Genetic variation in mouse femoral tissue-level mineral content underlies differences in whole bone mechanical properties

Hayden William Courtland, Mila Spevak, Adele L. Boskey, Karl J. Jepsen

Research output: Contribution to journalArticlepeer-review

8 Scopus citations

Abstract

A/J mice, as compared to C57BL/6J (B6) mice, have a significantly greater total femoral mineral (ash) content which correlates with an increased femoral stiffness (resistance to deformation), but also with an increased brittleness (catastrophic failure). To determine if this whole bone variation in mineral content is indicative of significant mineral and/or matrix variation at the tissue level, femora from 16-week-old female A/J and B6 mice were isolated, embedded in PMMA, sectioned and mounted on barium fluoride infrared windows for FTIRI analyses. In addition, preliminary studies of femora from C3H/HeJ (C3H) mice were conducted, since they have an ash content intermediate to A/J and B6. Mean values for mineral-to-matrix ratio were significantly different for A/J (8.4 ± 0.8) and B6 (7.5 ± 0.4), as were values for collagen cross-link maturity (1.8 ± 0.05 and 3.2 ± 0.1, respectively). C3H mice appeared to have a mineral-to-matrix ratio intermediate of A/J and B6, and cross-link maturity greater than both A/J and B6. B6 femora had similar carbonate-to-amide ratios, carbonate-to-mineral ratios and acid phosphate levels. Thus, whole bone differences in mineral content are concurrent with tissue-level variation in mineral content and collagen maturity in inbred mice. The greater stiffness and brittleness of A/J femora are likely due to differential biological control (osteoblast activity) of the amount of mineral.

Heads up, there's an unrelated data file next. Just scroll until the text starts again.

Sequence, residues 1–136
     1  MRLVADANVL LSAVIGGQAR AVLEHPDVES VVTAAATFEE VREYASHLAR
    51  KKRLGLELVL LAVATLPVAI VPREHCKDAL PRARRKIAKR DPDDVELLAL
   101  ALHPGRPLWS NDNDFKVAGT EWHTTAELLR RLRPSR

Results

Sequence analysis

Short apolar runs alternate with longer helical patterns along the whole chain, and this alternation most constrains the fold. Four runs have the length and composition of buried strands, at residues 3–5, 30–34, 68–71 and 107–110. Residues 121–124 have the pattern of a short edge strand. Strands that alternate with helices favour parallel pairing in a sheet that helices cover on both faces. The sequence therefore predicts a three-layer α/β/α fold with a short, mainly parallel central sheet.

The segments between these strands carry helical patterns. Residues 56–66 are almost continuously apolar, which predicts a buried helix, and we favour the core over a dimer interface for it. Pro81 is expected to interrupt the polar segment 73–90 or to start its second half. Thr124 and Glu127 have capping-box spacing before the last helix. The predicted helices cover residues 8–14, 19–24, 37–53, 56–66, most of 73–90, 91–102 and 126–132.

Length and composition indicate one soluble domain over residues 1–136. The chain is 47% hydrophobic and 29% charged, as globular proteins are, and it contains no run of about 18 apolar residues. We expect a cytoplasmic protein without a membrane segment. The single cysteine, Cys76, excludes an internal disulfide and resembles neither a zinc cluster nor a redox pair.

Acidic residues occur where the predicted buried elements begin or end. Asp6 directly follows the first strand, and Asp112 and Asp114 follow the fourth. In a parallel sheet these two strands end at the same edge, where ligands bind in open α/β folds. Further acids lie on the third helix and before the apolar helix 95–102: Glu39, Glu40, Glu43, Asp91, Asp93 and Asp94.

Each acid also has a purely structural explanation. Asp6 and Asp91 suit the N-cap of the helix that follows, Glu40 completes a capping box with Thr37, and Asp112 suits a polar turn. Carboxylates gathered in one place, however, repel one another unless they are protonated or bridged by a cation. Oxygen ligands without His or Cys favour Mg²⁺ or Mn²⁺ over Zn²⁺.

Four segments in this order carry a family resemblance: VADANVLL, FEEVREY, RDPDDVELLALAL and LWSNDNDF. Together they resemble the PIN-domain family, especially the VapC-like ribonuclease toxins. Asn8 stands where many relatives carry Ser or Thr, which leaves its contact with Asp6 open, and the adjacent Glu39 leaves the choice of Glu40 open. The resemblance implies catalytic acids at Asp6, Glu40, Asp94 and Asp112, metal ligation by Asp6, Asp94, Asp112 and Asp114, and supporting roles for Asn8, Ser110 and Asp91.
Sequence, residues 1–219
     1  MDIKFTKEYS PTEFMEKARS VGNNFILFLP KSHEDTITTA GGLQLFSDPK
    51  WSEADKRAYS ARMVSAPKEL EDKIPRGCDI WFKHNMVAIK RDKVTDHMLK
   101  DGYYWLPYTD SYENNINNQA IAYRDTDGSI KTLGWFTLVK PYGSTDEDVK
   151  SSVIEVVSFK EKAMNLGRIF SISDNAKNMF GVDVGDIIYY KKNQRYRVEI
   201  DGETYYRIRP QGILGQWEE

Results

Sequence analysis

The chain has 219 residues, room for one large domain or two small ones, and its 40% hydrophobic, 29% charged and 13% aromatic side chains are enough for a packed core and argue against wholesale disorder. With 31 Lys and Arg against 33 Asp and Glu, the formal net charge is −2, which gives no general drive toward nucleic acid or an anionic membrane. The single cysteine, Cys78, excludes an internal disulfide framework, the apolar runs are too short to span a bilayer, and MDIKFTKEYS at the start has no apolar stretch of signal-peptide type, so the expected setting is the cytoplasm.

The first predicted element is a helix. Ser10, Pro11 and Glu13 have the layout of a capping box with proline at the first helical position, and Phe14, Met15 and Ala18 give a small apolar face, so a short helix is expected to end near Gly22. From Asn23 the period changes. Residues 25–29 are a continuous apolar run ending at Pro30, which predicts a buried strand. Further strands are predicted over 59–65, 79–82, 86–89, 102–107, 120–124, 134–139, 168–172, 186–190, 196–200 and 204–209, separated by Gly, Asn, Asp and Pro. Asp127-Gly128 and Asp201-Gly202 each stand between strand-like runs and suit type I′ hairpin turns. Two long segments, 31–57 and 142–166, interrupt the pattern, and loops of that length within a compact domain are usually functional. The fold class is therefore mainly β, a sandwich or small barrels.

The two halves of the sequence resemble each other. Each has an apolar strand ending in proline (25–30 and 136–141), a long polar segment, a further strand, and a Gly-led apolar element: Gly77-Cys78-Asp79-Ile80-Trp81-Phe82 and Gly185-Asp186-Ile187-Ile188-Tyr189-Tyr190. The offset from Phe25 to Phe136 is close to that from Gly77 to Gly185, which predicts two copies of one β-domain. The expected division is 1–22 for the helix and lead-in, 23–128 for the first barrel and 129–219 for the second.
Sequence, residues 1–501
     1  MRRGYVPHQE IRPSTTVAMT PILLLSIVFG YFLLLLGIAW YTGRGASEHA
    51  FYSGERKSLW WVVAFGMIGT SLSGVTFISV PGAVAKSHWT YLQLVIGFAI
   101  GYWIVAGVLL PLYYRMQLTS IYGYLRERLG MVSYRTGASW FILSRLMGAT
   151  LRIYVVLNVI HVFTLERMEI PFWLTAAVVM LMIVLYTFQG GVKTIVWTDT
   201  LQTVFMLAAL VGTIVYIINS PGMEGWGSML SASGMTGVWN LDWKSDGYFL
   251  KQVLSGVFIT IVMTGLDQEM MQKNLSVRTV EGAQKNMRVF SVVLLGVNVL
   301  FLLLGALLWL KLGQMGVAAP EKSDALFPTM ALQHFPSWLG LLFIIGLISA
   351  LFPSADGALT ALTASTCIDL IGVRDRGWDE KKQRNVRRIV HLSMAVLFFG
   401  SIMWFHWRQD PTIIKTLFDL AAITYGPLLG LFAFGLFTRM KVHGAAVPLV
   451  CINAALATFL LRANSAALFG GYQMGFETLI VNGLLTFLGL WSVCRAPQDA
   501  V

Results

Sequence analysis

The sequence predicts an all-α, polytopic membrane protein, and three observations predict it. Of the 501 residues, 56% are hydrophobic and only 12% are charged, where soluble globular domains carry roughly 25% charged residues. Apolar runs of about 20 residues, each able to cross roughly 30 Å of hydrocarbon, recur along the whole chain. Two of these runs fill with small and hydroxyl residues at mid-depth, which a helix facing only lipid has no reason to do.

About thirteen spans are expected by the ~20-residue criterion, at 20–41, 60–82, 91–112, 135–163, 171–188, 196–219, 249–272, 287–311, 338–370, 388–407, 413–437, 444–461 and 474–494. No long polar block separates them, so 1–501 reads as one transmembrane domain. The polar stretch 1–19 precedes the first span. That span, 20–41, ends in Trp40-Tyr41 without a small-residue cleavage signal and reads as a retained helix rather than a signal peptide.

Original languageEnglish
Pages (from-to)237-240
Number of pages4
JournalCells Tissues Organs
Volume189
Issue number1-4
DOIs
StatePublished - Dec 2008

Keywords

  • Bone fracture
  • Genetics
  • Mechanical properties
  • Mouse
  • Tissue quality

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